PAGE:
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Unformatted text preview: Brussels and the Germanspeaking Community; ♦ place the Flemish and French-speakers on an equal footing at all levels of power in Brussels; ♦ transfer new fields of jurisdiction to the Regions, including the health insurance and family allowance sectors in the realm of
social security, railway infrastructure and the operation of the railways, scientific policy and foreign trade; ♦ transfer to the Flemish Region administrative supervision over municipalities with special language status on the outskirts of
Brussels and in the small Fourons (in Dutch: Voer ) region; ♦ broaden fiscal autonomy through the complete or partial regionalization of personal income tax. In exchange for broader means for the Communities, i.e. for education in the French Community, a number of the
Flemish demands mentioned earlier were met in the Spring of 2001: guaranteed participation in all levels of power in
Brussels (or at least financial incentive for that purpose), new transfers of jurisdiction over foreign trade and agriculture,
administrative supervision over municipalities with special language status on the outskirts of Brussels and in the small
Fourons (in Dutch: Voer) region, and the broadening of fiscal autonomy.
However, no component of interpersonal solidarity has been transferred: the progressive graduation of tax has remained
largely intact, and social security continues to fall under federal jurisdiction, including health insurance and family
allowances. One might think that the Flemish parties will go back onto the offensive in this respect. In early August, the
189 Commission on Fiscal Imbalance press, for example, mentioned Walloon laxity concerning exclusion from the right to unemployment benefits. The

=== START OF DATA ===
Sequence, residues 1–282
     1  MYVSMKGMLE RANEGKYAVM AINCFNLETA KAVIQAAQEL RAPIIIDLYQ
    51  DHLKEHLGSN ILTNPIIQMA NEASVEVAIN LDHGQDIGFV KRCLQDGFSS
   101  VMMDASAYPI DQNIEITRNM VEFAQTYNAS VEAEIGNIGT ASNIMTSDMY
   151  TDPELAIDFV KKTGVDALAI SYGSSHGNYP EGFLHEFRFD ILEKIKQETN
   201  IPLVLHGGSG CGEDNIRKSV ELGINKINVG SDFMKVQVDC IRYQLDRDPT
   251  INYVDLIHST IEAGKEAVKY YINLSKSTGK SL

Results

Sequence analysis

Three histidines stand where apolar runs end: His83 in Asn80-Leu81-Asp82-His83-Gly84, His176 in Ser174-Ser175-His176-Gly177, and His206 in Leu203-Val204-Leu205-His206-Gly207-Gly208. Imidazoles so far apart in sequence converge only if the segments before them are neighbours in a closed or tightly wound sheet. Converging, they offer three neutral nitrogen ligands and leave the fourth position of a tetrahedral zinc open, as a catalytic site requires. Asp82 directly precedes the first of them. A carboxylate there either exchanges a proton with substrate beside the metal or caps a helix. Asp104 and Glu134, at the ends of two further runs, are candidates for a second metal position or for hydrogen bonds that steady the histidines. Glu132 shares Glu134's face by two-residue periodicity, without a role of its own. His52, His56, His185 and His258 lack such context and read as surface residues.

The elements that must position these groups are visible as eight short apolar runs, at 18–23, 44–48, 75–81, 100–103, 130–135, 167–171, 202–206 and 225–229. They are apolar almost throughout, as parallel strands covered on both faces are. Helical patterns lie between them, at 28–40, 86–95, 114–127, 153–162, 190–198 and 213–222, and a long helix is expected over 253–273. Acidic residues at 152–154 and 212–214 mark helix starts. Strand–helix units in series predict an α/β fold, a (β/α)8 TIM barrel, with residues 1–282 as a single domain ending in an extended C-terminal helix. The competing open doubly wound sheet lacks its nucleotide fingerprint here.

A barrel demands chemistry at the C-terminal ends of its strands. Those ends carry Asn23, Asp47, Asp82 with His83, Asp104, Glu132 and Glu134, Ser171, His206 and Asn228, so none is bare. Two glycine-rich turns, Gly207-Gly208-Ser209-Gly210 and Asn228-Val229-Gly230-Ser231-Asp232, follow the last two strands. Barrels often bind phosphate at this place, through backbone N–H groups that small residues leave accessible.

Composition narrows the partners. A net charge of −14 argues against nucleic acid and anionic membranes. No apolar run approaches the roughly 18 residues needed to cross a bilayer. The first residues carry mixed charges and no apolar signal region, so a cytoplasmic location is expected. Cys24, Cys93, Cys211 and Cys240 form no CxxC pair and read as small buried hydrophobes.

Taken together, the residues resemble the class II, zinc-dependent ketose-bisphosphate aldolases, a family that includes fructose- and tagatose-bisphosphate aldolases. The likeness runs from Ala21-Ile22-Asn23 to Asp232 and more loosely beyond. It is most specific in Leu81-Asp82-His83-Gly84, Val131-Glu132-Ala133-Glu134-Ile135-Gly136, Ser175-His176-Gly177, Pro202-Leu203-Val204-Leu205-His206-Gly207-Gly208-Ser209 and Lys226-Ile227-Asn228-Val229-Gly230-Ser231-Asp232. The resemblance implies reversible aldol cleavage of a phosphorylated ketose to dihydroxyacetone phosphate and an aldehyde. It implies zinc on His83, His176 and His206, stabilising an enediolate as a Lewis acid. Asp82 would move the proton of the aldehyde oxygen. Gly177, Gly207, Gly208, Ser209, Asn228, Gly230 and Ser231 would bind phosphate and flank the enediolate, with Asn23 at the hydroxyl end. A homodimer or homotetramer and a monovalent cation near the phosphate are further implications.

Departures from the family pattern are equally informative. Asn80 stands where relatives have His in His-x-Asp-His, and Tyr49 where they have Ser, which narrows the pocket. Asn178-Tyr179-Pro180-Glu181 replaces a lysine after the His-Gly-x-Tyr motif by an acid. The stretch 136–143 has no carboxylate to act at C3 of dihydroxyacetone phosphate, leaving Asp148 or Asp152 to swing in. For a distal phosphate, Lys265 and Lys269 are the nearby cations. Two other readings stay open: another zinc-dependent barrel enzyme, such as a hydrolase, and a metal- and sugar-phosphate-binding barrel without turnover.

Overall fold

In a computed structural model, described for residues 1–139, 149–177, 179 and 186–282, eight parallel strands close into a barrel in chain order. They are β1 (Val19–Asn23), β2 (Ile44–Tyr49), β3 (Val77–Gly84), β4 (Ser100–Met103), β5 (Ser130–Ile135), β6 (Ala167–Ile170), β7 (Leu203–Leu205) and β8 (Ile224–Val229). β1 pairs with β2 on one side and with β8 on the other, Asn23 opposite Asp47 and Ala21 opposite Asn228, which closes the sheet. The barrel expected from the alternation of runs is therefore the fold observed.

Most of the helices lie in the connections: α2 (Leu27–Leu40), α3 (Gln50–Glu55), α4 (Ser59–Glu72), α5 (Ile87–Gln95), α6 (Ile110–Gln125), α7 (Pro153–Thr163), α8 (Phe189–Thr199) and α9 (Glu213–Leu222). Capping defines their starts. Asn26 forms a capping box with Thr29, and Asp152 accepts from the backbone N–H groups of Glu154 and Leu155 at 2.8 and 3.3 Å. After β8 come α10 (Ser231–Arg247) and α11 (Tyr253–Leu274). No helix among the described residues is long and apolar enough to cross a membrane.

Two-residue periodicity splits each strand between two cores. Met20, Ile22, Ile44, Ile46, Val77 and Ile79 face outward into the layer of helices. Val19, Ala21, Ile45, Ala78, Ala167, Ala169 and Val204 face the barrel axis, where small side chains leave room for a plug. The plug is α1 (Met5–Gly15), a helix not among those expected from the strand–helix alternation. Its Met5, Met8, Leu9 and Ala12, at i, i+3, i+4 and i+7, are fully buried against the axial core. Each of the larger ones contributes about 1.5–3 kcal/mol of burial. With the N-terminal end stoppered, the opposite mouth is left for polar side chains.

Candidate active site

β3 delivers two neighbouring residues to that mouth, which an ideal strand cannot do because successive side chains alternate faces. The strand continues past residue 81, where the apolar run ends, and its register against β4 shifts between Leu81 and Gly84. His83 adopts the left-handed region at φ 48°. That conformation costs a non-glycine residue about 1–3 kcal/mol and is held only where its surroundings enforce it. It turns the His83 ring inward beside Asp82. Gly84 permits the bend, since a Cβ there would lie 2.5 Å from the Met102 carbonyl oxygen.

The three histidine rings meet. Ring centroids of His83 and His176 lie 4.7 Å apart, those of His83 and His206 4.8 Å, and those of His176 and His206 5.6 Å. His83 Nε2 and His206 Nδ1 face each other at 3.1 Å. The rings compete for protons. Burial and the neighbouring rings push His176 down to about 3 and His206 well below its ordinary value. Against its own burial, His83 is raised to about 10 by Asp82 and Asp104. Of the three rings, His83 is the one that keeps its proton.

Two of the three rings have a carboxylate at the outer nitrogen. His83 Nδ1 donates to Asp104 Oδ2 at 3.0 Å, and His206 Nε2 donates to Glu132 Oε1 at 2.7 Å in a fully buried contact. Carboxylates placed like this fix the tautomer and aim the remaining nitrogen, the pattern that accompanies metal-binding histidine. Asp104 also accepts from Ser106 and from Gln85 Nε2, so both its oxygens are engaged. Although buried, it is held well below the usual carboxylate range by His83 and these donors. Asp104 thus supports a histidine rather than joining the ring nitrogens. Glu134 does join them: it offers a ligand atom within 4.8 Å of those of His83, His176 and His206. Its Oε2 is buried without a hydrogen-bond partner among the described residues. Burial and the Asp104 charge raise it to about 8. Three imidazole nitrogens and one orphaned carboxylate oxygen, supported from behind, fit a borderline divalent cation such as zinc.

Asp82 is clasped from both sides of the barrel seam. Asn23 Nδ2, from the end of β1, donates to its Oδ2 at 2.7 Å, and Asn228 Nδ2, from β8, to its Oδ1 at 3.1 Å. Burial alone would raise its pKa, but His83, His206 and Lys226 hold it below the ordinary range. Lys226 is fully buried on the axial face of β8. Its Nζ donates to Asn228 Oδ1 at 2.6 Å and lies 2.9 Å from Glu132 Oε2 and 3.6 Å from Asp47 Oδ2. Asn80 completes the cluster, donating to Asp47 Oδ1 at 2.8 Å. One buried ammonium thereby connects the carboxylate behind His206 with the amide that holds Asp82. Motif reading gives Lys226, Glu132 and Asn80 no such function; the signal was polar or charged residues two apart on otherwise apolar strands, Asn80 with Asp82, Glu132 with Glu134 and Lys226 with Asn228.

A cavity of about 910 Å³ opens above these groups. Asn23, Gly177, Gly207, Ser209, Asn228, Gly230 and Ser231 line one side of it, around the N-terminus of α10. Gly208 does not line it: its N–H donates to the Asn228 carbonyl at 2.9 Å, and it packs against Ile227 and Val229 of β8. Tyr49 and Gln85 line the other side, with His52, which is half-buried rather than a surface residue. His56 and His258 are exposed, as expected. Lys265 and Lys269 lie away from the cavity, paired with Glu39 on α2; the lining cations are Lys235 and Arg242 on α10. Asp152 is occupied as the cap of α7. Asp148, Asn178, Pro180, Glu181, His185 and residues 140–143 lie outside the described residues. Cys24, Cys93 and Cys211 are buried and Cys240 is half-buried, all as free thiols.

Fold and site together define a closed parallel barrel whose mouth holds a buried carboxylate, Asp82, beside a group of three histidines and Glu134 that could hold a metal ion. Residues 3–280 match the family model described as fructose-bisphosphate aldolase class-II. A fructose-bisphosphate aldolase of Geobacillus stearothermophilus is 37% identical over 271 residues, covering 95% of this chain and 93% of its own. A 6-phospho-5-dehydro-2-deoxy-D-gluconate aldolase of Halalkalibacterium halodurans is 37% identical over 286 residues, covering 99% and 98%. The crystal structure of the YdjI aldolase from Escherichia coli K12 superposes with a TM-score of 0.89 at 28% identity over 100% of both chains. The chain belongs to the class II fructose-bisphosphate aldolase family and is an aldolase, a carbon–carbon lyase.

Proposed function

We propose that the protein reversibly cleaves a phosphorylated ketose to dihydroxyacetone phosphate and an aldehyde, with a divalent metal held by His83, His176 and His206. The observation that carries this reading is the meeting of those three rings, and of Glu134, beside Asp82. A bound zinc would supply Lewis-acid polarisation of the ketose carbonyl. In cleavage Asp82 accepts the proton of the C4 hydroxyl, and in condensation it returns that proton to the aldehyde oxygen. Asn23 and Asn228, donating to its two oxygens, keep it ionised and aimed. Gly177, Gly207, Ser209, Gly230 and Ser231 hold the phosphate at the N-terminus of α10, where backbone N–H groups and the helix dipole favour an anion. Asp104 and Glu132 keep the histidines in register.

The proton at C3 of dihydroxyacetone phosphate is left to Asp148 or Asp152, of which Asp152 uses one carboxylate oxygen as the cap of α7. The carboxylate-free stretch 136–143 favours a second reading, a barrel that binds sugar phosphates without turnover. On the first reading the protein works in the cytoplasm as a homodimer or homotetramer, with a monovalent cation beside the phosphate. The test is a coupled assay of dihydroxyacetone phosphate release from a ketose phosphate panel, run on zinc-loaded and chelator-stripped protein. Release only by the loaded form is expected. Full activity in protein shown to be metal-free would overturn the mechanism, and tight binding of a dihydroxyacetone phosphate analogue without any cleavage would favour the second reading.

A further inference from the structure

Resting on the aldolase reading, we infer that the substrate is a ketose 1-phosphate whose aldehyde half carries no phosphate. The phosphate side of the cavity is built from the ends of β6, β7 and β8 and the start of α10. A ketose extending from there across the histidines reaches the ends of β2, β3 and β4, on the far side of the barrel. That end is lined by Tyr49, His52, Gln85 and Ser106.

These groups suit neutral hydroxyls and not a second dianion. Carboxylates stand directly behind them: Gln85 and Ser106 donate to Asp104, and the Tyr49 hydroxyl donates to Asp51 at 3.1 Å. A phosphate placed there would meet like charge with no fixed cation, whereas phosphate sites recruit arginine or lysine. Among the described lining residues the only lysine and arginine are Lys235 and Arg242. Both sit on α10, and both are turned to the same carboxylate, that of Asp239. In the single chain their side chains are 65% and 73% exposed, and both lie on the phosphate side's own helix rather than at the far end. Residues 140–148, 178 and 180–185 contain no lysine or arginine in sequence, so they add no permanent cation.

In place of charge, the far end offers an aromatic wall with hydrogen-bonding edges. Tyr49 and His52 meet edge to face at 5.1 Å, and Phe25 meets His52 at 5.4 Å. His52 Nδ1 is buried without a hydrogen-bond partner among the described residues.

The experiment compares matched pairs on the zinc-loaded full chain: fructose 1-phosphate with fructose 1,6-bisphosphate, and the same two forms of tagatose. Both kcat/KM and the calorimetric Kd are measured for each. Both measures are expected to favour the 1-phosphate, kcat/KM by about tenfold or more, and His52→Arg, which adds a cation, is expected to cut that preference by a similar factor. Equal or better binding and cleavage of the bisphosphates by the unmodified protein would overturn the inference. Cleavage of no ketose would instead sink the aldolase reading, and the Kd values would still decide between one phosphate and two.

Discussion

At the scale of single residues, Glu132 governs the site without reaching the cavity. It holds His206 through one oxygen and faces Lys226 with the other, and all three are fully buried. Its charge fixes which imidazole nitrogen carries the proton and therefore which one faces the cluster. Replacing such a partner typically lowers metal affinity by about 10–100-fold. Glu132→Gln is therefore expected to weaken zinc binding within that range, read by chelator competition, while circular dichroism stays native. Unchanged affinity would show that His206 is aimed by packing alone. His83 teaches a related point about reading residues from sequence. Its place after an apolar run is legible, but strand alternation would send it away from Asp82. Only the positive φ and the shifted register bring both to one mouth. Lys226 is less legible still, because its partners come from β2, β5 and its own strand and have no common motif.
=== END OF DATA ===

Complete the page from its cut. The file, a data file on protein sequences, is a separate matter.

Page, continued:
Walloon agency in charge of managing the unemployed appears to be less prompt than its Flemish counterpart in
denouncing to the federal agency that pays unemployment benefits jobless individuals who refuse jobs that satisfy
predetermined criteria. This is one of the paradoxes of the Belgian system in that the management of the unemployed is
part of employment policy, which is regionalized, while the payment of unemployment benefits is part of social security,
which falls under federal jurisdiction. Similarly, health policy is regionalized but the funding of health care relies, by and
large, on social security, …which is federal. 5.2. Taxes
The autonomy in respect of margins of the Regions has become effective from the standpoint of personal income tax.
However, the Regions enjoy no fiscal autonomy with respect to corporation tax or value-added tax (VAT).
As for VAT and excise tax, a European framework is imposed on Belgium and revenues from VAT are already
apportioned among the Communities, although the reference of Community allotment to the tax is rather artificial. Given
the size of the country, it is easy to imagine that differentiated taxes would give rise among individuals to trans-regional
purchases, as is now the case in border areas. This would not hav...
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